Mask-wearing for schoolkids is a terrible idea
Anyone who has ever worked in a school knows it just won’t work.
So the government has made yet another u-turn. Compulsory face masks could be a reality for some pupils returning to school in the next few days. Boris Johnson has changed his mind and removed the official advice against face coverings in schools. In a double negative that will make your head spin, it seems the government’s position is now that it will not not insist that masks are necessary in schools.
Just a week ago, the message from the PM was that there is a ‘moral duty’ to get children back into the classroom. But following a few days of handwringing by scared teachers and scaremongering commentators, it turned out that Johnson’s sense of moral duty wasn’t as firm as he wanted us to believe.
Whether or not face masks are a useful means of protection against Covid-19 remains a contested issue. The World Health Organisation (WHO) famously flip-flopped on this question, as have various government ministers and advisers. The logical defence of masks is that they prevent droplets from spreading, but many have pointed out that flimsy material is no real barrier to microscopic viral particles.
For brief encounters, on trains or in shops, it seems reasonable to use a mask as an extra measure of precaution. This could be seen as a worthy sacrifice if it means making individuals who are vulnerable to the virus feel more comfortable about emerging from isolation. But when it comes to a school setting, wearing a mask starts to become pointless.
Anyone who has worked in a school will tell you about the joyous disregard most school pupils have for hygiene – even in their late teens. Best friends share cutlery; they get up close and personal playing football; they sneak sloppy kisses during lunchtime. Even the most vociferous defender of masks will say there is no point donning one unless you are going to wear it properly and resist the temptation to take it on and off. It’s hard enough to get kids to wear their school uniform properly, let alone a mask.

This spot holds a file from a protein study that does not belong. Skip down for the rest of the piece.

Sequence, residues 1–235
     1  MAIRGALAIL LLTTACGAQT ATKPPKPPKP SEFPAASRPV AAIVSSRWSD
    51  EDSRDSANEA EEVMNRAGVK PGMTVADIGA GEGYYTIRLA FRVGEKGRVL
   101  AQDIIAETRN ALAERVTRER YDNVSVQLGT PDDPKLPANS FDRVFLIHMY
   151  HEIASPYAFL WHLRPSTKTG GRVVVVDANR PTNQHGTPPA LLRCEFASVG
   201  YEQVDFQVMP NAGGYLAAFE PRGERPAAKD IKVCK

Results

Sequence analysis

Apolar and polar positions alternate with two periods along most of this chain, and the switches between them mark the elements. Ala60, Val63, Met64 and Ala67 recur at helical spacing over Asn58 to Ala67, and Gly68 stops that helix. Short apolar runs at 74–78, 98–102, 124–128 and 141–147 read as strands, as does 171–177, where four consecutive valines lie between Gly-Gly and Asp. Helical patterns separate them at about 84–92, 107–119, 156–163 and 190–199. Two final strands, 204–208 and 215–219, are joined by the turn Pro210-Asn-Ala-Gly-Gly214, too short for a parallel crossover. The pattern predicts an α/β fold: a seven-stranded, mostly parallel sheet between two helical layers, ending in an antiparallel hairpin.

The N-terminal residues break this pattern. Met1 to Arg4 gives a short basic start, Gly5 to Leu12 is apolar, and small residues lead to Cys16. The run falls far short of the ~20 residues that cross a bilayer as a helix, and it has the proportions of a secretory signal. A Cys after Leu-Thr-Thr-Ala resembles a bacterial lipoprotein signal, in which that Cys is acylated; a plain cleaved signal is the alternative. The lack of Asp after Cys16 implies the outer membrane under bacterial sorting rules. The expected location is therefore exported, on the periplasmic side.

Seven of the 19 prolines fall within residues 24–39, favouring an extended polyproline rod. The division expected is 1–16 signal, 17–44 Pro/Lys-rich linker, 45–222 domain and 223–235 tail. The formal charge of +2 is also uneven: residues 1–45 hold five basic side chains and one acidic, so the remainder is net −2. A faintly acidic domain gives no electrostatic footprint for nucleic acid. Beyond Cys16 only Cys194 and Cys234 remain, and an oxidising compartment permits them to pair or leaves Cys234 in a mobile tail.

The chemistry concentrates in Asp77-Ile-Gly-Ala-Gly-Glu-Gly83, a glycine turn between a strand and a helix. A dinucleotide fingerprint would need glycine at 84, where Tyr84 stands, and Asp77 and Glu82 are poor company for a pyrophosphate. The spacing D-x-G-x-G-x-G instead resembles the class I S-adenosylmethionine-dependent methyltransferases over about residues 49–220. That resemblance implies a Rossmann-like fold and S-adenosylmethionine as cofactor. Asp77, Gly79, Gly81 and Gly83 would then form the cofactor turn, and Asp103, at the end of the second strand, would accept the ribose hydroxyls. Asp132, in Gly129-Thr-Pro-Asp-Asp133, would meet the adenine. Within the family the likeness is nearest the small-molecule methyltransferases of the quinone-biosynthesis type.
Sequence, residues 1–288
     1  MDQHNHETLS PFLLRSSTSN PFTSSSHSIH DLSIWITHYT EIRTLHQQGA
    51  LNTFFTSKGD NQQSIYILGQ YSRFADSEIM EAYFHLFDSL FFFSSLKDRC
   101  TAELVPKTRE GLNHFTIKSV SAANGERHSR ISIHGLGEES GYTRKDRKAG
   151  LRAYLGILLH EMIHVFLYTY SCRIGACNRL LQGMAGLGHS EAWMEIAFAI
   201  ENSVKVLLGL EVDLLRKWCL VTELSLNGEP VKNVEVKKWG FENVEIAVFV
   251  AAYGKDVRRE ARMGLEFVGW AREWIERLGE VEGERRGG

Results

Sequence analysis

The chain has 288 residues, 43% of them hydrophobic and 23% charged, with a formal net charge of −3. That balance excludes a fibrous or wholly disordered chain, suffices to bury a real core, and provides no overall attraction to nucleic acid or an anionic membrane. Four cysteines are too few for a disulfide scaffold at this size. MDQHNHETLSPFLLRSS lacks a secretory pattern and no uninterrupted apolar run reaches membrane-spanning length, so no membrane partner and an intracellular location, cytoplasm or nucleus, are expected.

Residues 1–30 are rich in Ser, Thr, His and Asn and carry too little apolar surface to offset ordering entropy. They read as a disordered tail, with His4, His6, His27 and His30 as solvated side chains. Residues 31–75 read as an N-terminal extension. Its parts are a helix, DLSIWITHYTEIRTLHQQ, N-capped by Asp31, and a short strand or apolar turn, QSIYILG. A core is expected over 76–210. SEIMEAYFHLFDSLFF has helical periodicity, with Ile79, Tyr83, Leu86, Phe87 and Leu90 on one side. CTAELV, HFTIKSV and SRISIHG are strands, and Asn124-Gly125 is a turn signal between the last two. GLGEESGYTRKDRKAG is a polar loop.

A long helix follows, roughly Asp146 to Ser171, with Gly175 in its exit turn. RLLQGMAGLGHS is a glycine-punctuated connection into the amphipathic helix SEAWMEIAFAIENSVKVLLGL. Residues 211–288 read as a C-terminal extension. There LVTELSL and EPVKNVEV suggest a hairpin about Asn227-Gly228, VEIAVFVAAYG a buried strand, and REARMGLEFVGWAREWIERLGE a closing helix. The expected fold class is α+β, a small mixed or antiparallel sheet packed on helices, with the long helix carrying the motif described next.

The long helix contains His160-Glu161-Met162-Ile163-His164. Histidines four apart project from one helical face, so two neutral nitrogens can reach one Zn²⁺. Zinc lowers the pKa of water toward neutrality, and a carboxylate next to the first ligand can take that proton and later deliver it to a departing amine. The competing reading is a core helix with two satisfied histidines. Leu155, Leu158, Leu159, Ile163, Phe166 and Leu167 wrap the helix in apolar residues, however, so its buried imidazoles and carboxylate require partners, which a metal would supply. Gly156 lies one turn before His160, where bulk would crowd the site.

More importantly, masks act as a barrier to social interaction. Imagine children being able to communicate with muffled voices only. It’s ridiculous. How can you whisper secrets or laugh at someone’s joke or sing along to your favourite song if half of your face is hidden? Children have spent the past few months isolated from their peers. Framing their long-awaited return to school around the politics of fear, by teaching them to be wary of breathing on one another, seems pointlessly cruel.
It seems the masks-in-schools debate is not really about protecting children. A series of studies published in the Lancet demonstrated that there is very little evidence of significant transmission of Covid between children or between children and teachers. The idea of children as ‘super spreaders’, which was pushed in the early days of the pandemic, looks to have been false. It is now thought that teachers face a greater risk of transmission in the staff room than they do in the classroom.
And yet despite all this, teaching unions like the NASUWT were still arguing in July that ‘there is a strong argument that face masks should also be made compulsory for children when they return to secondary schools in September’. Scaremongering by unions, government officials and the media means that many teachers remain uncertain about how safe it is to return to schools.
Throughout the pandemic, we have talked a lot about ‘sacrifice’. People sacrificed their daily routines, their holidays and visits to family and friends in order to help prevent the spread of Covid. Pharmacists, cashiers and bus drivers sacrificed their safety in order to carry on working throughout the pandemic. Now, when the virus is in decline, and when the evidence shows that school closures are no longer necessary (if they ever were), it is surely time to ask what sacrifices should be made to get kids back into education.
The government’s mixed messages have added more fear and confusion to the debate around reopening schools. Never mind the kids, it’s time for adults to start acting like adults.
Ella Whelan is a spiked columnist and the author of What Women Want: Fun, Freedom and an End to Feminism.
Picture by: Getty.
spiked is free, and it always will be, which is why we need your help. We don’t have a paywall, or bonus content for paying customers, because we want our arguments for freedom and democracy, against misanthropy and identity politics, to reach as many people as possible. Which is why we ask those of our readers who can afford it to chip in. One-off donations are hugely appreciated, but monthly donations are even better. They allow us to plan for the future and to grow. Even £5 a month is a huge help. It’s much cheaper than your average magazine subscription, and it ensures that spiked is free and open to all. To make either a monthly or a one-off donation, click here. Thank you for your support.
To enquire about republishing spiked’s content, a right to reply or to request a correction, please contact the managing editor, Viv Regan.